Labour’s largest union backer Unite has again threatened to withdraw its funding from the party as it rails against Sir Keir Starmer’s stance on strikes.
Unite general secretary Sharon Graham accused Starmer of “sticking two fingers up” to striking British workers and added that it was becoming “harder and harder to defend” paying the party £1m a year in affiliation fees.
Starmer has not been in favour of this summer’s crippling rail strikes and has told his frontbench not to attend picket lines, with the Labour leader saying the party must not just be a “party of protest”.
He sacked transport minister Sam Tarry for doing interviews at picket lines last week and for publicly advocating inflation-linked pay rises for rail workers – a position that is not in line with current Labour policy.
Labour shadow housing secretary Lisa Nandy joined a union picket line at her Wigan constituency this morning, however her team said she consulted Starmer in advance.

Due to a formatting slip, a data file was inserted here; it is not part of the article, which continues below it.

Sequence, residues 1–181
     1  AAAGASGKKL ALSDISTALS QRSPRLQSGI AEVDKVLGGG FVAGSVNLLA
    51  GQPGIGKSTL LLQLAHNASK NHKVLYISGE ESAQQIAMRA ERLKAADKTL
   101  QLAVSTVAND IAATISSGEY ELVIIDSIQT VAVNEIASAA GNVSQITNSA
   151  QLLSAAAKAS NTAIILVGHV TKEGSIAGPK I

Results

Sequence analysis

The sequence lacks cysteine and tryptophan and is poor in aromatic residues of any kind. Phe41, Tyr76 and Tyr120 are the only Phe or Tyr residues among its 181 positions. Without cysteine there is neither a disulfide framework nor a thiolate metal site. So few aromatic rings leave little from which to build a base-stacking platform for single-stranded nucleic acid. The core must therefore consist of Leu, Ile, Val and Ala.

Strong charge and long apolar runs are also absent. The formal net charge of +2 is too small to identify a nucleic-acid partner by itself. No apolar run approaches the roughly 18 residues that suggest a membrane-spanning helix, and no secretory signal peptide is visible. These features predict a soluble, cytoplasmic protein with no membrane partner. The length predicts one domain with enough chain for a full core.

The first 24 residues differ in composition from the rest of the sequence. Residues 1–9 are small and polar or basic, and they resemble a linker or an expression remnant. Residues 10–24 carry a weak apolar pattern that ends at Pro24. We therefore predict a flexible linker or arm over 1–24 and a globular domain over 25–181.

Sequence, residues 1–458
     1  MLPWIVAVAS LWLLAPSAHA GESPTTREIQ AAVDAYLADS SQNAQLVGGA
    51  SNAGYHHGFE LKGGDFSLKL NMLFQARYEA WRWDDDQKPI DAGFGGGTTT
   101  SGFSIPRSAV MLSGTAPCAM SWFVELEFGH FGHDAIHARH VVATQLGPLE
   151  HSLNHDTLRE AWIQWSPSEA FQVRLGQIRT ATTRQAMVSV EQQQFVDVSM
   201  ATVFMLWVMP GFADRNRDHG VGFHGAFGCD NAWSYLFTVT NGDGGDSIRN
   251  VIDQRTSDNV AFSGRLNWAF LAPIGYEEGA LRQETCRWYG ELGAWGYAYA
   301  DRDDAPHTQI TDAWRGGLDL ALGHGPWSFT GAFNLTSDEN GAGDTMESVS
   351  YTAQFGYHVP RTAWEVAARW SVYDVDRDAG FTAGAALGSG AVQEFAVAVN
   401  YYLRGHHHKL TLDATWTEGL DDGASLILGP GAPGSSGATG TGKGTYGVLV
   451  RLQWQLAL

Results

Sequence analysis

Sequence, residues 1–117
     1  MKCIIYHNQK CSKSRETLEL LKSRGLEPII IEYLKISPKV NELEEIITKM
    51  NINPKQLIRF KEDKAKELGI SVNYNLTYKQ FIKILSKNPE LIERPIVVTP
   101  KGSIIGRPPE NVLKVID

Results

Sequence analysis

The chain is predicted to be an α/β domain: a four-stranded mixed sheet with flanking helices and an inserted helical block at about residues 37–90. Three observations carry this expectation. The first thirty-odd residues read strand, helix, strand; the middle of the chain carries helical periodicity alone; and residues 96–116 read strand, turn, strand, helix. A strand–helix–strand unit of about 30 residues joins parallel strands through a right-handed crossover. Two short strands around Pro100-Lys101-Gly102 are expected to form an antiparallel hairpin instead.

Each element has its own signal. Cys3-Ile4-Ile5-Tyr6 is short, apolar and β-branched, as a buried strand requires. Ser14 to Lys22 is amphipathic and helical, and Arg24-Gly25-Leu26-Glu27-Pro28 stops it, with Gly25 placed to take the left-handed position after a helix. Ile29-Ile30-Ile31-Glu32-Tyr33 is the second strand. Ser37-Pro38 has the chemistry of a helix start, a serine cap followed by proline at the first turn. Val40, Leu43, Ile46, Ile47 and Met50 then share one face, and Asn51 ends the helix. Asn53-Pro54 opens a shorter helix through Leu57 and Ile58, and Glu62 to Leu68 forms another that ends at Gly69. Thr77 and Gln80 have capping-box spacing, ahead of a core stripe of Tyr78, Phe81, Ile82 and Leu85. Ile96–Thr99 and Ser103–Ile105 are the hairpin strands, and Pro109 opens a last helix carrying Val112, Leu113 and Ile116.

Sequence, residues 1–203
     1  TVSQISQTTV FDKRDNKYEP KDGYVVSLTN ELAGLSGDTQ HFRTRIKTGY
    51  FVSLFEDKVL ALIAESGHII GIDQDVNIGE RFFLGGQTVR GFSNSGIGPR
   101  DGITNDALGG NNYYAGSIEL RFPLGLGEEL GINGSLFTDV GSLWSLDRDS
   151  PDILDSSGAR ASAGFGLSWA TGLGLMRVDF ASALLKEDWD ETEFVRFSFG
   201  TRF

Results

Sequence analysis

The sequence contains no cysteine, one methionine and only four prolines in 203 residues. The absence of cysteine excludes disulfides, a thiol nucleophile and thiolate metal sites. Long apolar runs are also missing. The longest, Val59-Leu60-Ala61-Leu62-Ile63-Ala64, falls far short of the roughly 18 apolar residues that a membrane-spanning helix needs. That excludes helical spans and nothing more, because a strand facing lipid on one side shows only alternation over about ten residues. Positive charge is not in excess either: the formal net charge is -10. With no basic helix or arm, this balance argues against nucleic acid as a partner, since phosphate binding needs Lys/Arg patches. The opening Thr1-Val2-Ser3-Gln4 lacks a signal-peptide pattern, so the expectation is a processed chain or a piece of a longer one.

She went to meet with striking BT and Openreach workers from the Communication Workers Union (CWU), who walked off the job to fight for better pay.
In an apparent U-turn, Starmer’s spokesperson said that “this isn’t about appearing on a picket line” and that the larger issue was frontbenchers freestyling on policy, without permission from the leader’s office.
Unite has had a long-running battle with Starmer over his efforts to moderate the party after Jeremy Corbyn’s leadership and has reduced its funding to the party over the past few years.
Graham told The Sunday People: “If I was speaking to Keir right now, I would say to him: which side are you on?
“Because the reality is, if I closed my eyes, sometimes I wouldn’t know whether it was the Labour Party or the Tories who were speaking.”